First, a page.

BI firm takes iPads over laptops

MicroStrategy will deploy nearly 2,000 Apple iPads to execs and sales personnel after finding strong TCO numbers

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MicroStrategy developers are also working to create iPad versions of its popular BI tools that could be used by insurance claims agents, customer service reps and retail sales workers, he said.

The company has offered versions of the BI tools for BlackBerry devices for three years. Sales of those tools are growing modestly, but the upcoming BI software products for iPad and iPhone are drawing "gigantic interest," he said.

Internally, MicroStrategy executives are able to use the iPad or iPhone to quickly review routine requests for worker expenses, purchase orders and more by using a custom-built application called Corporate Request Center. The managers can easily reject, approve or send the requests back for more information.

The approval process is a little quicker via an iPad, but mainly it is more convenient for users since the iPad can go almost anywhere. "Before, that was done only on a desktop, but as a workflow tool, using the iPad and iPhone has meant a big boost in productivity because you can use it wherever you are, when you have a spare moment," LaRow said.

E-mail access is probably the biggest function of the iPad, he said.

LaRow hopes to take advantage of video chat and collaboration capabilities in a next generation of iPads. He also hopes Apple adds the ability to input commands by voice. improving on the capability now offered by some third party tool makers.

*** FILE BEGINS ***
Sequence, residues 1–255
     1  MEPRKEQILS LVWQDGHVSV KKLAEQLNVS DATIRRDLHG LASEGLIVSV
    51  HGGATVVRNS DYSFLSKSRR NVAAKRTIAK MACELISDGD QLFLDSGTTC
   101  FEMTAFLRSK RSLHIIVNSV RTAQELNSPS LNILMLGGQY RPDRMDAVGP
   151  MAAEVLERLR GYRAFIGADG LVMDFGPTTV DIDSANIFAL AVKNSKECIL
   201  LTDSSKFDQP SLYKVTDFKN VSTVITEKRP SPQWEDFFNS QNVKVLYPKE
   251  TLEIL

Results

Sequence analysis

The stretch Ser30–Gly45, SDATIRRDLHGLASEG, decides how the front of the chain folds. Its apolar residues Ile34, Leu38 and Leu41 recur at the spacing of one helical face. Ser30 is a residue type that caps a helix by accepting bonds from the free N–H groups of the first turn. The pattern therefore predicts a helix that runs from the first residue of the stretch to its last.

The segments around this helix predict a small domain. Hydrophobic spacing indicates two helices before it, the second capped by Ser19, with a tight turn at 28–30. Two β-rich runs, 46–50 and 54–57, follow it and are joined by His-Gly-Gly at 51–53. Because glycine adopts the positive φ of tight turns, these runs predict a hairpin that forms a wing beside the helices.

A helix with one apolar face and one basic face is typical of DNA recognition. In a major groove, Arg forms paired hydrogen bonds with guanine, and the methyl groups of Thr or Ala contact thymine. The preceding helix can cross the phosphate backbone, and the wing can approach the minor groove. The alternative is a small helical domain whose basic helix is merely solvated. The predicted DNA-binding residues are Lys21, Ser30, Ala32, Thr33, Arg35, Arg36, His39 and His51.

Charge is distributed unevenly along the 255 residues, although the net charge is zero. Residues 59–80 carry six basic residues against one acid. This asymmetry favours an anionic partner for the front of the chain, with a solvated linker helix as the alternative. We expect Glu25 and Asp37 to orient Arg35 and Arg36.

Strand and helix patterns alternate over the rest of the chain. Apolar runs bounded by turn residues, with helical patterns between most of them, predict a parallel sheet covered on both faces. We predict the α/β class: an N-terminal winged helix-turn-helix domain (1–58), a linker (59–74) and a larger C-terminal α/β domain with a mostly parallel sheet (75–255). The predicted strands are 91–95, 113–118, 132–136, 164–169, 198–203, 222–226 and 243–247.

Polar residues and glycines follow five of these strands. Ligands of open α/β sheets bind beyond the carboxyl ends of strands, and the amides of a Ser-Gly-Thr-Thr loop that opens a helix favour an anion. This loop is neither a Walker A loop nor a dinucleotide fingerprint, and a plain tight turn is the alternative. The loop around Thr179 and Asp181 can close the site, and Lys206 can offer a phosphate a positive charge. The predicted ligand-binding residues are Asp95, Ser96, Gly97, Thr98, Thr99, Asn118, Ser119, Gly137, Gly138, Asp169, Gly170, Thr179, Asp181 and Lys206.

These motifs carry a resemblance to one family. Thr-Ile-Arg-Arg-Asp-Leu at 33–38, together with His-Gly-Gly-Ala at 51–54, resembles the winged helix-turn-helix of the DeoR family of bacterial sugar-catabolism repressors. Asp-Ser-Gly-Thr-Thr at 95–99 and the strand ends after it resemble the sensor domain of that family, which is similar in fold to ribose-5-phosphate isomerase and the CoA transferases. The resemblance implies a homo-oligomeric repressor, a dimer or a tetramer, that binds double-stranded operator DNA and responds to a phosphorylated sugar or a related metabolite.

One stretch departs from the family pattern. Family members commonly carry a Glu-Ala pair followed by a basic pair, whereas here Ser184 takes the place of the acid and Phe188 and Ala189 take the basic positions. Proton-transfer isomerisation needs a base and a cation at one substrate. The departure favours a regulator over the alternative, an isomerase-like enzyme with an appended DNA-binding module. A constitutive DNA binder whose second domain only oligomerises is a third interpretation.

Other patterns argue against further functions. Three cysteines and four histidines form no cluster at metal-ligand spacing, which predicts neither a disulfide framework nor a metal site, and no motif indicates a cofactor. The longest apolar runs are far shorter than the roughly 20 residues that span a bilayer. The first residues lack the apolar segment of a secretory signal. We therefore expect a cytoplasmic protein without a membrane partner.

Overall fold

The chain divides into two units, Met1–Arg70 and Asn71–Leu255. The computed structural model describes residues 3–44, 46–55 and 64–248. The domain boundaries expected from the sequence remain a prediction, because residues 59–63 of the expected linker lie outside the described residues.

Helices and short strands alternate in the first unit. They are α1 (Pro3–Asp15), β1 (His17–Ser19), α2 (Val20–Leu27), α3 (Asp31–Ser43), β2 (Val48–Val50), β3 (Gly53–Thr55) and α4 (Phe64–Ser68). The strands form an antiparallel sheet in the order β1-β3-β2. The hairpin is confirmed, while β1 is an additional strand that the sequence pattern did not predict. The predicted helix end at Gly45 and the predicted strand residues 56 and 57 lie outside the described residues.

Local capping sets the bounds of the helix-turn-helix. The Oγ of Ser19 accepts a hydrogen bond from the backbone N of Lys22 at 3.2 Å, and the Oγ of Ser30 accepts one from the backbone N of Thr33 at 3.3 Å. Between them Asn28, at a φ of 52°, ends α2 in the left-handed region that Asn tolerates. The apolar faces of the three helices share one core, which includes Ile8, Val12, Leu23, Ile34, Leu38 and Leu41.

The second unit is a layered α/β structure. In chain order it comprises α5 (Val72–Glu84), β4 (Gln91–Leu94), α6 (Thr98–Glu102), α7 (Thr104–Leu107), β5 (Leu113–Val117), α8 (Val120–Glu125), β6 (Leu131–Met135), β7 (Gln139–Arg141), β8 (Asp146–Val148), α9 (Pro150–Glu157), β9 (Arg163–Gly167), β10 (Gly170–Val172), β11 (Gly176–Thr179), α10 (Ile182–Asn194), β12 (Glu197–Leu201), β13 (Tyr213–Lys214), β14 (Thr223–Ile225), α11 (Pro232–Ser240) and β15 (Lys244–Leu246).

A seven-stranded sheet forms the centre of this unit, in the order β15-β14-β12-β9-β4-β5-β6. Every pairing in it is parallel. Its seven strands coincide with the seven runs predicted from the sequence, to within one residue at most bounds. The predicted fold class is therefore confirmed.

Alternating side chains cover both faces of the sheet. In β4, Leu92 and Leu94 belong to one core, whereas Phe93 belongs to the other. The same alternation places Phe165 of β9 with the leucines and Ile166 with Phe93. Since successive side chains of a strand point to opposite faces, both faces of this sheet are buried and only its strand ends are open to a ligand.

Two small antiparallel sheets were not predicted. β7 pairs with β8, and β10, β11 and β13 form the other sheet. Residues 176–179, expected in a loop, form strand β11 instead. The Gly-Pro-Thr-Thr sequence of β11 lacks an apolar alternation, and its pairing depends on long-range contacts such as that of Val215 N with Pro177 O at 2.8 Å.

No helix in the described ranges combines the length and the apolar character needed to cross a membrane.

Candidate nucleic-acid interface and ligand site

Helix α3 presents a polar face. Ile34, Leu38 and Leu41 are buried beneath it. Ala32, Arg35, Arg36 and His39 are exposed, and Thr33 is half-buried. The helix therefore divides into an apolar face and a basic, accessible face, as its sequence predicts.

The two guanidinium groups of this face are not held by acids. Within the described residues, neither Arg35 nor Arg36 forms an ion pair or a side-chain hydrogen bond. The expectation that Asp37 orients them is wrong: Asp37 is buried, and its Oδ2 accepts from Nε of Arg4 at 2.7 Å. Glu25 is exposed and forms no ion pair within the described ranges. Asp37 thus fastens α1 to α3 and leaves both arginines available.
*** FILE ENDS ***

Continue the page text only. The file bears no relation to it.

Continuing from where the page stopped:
"Video chat and collaboration on documents would be a great enhancement. If you watch people using iPads at work, they often sit shoulder to shoulder pointing at something on the same screen. If you could extend that experience so it's no longer shoulder to shoulder that would be good," LaRow said.

While MicroStrategy didn't intentionally choose iPads to be devices that workers would use in their personal lives, LaRow said the company has found "when everybody brings the iPads home, the kids grab them" for access to games, videos and more.

In essence, workers "like to use it ... it's more engaging," he concluded.

Matt Hamblen covers mobile and wireless, smartphones and other handhelds, and wireless networking for Computerworld. Follow Matt on Twitter at @matthamblen, or subscribe to Matt's RSS feed . His e-mail address is

Copyright © 2010 IDG Communications, Inc.

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